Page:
FEATURE: Reality bites
The joint venture between UNIS and software developer Virtuix sees them vying to become one of the first effective providers of a workable VR arcade product with the Omni Arena. Ronnie Dungan chatted to UNIS boss Steven Tan about making the technology work in the attractions space….
The race to establish virtual reality as a commercially viable arcade attraction has seen UNIS create a new division in partnership with developer Virtuix to distribute the Omni Arena VR experience.
The partnership has led to UNIS creating a new brand called Fun VR Tech which provides both the hardware to make simulated experiences possible and the software to enact a wide variety of those experiences.
Omni Arena features a series of omnidirectional treadmills, which allow users to explore a programmed world from a single location. The treadmills sync with the simulation software, adjusting the user’s position based on where they are within the reality that they are simulating. Which means that can interact with the virtual world just as they would with the external one.
It can accommodate between two and five users at a time, making it ideally positioned for family entertainment centres.
Unis boss, Steven Tan feels the technology will eventually become integral to future arcade experiences, being incorporated and added to games and attractions rather than replacing them.
He says: “We think that VR will bring fresh ideas to the market rather than superseding everything that’s already there. We might see more of the regular genres incorporate VR elements in the future. Right now the medium of VR is exciting so it does make it feel like this is the sole direction for the future of the industry, however the past and the future are more likely to merge in a slew of new products.”
The deal with Virtuix is a straightforward partnership between software and hardware.
“Their technology is simply the most advanced, safe, and suitable for the amusement market. There is a ton of VR innovation out there, however not many companies think about the sort of hurdles that a commercial space brings with it. We evaluated what Virtuix had in mind and realised that they’ve covered all their bases on that front. Their treadmills make sure the guests are safe and enjoy themselves while the operators are happy with a unit that doesn’t need constant service because of all the moving parts.”
The VR experience is not without its problems of course, as anyone who has experienced motion sickness from using it will testify. And then there are issues of hygiene over shared-use of headsets and safety concerns over people become disoriented or falling on the moving equipment.
“There are of course all the usual challenges associated with VR. We have tackled most of them. We’ve even created a list of “VR Mythbusters” that debunk a lot of the usual worries that people have when it comes to VR.”
The list addresses four issues – motion sickness (because you are moving on a treadmill you won’t get sick); hygiene (there are washable/wipe clean covers for headsets); difficult set-up (the whole unit is manufactured so is easy to install) and safety (the player is strapped into a harness so can’t fall over).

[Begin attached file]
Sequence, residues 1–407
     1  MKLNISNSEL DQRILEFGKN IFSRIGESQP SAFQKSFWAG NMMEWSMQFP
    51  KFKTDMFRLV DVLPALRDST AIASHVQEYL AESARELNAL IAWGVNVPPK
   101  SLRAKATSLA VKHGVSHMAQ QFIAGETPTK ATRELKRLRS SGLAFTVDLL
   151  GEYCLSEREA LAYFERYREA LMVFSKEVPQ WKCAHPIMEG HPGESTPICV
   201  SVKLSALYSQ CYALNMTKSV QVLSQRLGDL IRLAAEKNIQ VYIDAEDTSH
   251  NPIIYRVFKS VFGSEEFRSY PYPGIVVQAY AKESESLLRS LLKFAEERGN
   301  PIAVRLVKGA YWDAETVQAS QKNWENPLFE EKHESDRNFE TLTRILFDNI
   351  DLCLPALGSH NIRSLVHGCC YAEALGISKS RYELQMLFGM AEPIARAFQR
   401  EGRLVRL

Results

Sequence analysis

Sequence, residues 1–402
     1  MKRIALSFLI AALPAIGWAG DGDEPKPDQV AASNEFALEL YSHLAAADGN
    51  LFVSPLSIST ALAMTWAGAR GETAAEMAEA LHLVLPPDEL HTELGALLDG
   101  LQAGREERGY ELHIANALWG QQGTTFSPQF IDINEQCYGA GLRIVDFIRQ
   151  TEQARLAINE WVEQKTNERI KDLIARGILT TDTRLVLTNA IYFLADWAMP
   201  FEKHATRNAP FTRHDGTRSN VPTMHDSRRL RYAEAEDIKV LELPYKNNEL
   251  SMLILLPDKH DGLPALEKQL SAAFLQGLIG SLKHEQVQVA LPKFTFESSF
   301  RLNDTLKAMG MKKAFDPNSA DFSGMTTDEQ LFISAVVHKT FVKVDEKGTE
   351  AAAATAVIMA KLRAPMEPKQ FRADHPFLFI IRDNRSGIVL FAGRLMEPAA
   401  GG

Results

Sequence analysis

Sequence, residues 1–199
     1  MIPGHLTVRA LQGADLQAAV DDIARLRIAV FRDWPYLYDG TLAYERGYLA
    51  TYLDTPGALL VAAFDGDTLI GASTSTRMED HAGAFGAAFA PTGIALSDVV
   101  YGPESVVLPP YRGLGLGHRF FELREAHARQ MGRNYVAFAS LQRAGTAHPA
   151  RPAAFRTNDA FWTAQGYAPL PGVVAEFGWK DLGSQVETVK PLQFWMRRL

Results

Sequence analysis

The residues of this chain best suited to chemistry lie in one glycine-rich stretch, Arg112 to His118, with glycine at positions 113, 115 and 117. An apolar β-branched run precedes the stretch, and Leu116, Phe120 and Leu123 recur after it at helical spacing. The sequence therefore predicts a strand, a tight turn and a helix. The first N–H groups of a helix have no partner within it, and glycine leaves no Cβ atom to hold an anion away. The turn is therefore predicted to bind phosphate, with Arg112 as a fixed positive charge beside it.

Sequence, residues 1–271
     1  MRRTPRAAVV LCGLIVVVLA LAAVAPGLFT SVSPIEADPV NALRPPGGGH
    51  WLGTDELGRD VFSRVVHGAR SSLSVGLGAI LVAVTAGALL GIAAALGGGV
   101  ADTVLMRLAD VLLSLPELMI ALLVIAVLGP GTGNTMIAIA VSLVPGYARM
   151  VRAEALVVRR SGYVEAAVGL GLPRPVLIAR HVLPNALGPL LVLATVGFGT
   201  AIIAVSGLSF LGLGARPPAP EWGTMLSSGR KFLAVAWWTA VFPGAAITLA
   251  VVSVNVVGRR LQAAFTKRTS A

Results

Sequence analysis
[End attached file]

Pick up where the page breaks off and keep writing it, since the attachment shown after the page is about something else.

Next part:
As with any fledgling technology there are a number of different approaches to it, but Tan feels content is king and must be central to any VR offering.
“Sustaining interest is a major focus for us, but it’s done differently with VR in comparison with other amusement products. Majority of VR hardware needs to be seen as a box that will be able to deliver the best software to your centre’s guests. To keep VR exciting we have a content strategy in place, i.e. we have about 5-7 games that will most likely be out and compatible with our system by the end of the year. Many of these will be multiplayer capable as well.”
Pricing levels are also a consideration, but Tan believes the VR experience will allow arcade owners to charge more than they would for their existing arcade machines. Indeed, the cost of set-up might well dictate that they have to, although he argues that investment levels are not an issue.
“You can definitely charge more based on the wow factor of VR and the uniqueness of the experience. Additionally, right now anyone who wants to have a home VR setup has to pay minimum $700 for all the hardware, and this doesn’t even include the price of the games themselves. While trying VR in an entertainment centre or at the mall might seem more expensive then playing a regular amusement game, it is still massively cheaper than getting your own hardware and paying for each piece of software you want to play.
“The cost of setup and space are not higher than on a regular featured attraction. The distinction between a game and an attraction is nothing new to the industry. With VR we’re simply adding a new type of product to the attraction category.”
Early adoption of new technology can be a risk, however. Ask anyone who ever bought a C5 or a betamax video recorder. But Tan believes the arcade experience will lead the direction of VR entertainment technology in homes while offering the sort of experience that will be beyond even the most high-end home system.”
“The pace of technology is something no one can really catch up with,” he says. “It is simply impossible, as many things are built for forced obsolescence these days. However, commercial products are generally ahead of what the consumers can get for their homes, and that allows operators to stay ahead of the progress just a bit. The exclusive software we’re offering also adds another benefit to the whole package.”
Success in the VR arcade market may not necessarily come to those who get in first, but rather to those that come up with the most effective and appealing option for owners and players alike. But in offering such a complete solution Unis may well have performed the neat trick of doing both.
Whatever happens next, things are about to get very real.